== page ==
In a season of mountaineering that has witnessed at least twelve fatalities, a Nepali guide gave up his client’s attempt to summit Everest to save a Malaysian climber.
A Chinese client was being led to the peak’s 8,849 meters (29,032 feet) by Gelje Sherpa, who also intended to let him paraglide back down.
Instead, they found a lone man huddled on a rope and shivering in the “death zone” just a few hundred meters from the top.
Because of the thin air, chilly temperatures, and low oxygen levels that increase the danger of altitude sickness, the region above 8,000 meters has acquired its name. It is also infamous for having challenging terrain.
“When I found him in that state, my heart did not let me leave him there,” Sherpa told AFP.
Many other climbers had walked past the man that day, but he declined to criticise them.
“It is a place where you have to think of your survival first,” he said.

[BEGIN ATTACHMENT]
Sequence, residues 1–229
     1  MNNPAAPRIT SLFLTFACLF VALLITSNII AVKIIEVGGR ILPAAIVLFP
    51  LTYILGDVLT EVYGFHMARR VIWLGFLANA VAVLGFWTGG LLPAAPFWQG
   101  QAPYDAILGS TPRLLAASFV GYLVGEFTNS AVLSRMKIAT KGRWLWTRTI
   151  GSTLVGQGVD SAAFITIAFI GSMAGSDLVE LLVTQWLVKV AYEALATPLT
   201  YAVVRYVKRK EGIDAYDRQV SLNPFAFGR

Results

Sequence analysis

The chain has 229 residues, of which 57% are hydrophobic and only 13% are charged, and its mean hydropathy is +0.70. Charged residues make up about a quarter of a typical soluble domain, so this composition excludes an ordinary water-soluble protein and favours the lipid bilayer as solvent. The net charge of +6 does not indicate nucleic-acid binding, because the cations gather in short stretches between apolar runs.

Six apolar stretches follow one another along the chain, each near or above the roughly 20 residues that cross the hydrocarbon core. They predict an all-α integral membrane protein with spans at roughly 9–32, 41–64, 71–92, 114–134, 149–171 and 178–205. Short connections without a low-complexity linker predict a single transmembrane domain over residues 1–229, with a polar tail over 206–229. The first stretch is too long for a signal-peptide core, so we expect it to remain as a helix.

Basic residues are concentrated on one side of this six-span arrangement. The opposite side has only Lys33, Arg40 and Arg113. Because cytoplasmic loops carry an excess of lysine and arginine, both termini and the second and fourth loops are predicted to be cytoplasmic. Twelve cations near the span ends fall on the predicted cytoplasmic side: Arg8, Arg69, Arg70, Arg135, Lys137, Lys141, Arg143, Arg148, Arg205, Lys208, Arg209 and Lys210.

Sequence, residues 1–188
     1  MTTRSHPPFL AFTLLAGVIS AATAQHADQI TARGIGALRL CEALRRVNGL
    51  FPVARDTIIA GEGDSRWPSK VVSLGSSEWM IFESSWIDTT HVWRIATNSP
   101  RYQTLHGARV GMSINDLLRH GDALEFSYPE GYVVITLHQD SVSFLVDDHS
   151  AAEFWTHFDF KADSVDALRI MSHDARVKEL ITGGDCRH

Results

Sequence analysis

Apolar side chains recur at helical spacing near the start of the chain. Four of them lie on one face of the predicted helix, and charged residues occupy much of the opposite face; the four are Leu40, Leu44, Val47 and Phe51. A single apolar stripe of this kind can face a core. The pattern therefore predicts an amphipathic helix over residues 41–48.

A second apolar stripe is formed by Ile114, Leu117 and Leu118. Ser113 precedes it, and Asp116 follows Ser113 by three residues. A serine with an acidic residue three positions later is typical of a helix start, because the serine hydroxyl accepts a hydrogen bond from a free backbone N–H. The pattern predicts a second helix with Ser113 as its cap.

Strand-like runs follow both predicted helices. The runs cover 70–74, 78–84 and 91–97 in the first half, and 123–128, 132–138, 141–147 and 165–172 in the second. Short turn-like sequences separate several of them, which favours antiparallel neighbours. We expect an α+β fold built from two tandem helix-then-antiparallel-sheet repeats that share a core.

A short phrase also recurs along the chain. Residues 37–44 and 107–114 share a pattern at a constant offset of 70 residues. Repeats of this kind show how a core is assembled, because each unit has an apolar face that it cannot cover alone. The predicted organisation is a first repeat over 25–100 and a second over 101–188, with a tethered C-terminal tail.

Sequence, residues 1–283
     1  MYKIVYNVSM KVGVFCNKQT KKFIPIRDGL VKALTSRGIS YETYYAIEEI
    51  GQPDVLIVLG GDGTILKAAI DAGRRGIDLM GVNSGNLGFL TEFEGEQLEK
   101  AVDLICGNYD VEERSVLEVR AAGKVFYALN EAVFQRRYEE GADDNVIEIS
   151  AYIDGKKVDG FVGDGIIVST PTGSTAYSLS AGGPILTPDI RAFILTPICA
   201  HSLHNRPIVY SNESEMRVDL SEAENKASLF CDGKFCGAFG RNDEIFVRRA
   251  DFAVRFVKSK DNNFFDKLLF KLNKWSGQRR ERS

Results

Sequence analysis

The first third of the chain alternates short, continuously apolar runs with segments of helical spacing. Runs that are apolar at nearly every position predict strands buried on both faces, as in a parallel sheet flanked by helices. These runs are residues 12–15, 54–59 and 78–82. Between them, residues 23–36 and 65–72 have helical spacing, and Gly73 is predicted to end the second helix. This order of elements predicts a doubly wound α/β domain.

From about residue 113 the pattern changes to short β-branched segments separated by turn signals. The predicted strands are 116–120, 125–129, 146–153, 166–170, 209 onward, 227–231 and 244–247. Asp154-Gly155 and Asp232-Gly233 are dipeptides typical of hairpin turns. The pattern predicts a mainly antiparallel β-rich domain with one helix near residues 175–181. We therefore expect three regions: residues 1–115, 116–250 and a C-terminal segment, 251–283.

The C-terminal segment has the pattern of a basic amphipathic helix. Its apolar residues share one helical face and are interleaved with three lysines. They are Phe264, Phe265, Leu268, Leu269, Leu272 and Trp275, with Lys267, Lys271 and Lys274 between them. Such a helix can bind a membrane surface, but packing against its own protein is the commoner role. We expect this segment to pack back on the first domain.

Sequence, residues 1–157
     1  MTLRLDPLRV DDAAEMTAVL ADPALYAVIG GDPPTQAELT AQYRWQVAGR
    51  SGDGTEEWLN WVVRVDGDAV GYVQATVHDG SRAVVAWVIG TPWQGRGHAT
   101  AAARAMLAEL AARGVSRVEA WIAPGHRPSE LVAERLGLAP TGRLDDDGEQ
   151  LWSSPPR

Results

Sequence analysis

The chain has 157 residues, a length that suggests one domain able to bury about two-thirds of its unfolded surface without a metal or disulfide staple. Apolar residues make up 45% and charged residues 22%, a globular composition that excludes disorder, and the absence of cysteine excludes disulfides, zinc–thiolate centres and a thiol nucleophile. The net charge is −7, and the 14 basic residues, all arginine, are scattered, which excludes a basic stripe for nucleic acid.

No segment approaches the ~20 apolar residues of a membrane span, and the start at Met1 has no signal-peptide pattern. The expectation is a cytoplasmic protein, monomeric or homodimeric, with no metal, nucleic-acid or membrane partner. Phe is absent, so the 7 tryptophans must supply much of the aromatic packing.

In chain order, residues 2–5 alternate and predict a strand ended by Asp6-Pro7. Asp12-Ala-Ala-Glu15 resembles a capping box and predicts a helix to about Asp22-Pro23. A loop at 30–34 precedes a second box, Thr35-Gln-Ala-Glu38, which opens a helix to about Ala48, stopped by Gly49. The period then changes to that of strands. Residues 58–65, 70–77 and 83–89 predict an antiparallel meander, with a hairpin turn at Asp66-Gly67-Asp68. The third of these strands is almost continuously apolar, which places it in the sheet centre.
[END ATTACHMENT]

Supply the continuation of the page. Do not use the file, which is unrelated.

Sherpa told his client — who will have paid at least $45,000 to attempt Everest, including a permit fee of $11,000 — to return without a summit.
“When I decided to go down, my client did not agree at first. Of course, he was there after spending a lot of money, it must have been his dream for years and he had to find time to come here to climb.
“He got angry and said he wanted to go to the summit.
“I had to scold him and tell him that he has to descend because he was my responsibility and I couldn’t send him to the summit on his own. He got upset.”
He explained that he wanted to take the sick man down the mountain.
“Then he realised that by ‘rescue’ I meant that I wanted to save him. He understood and then he apologised later.”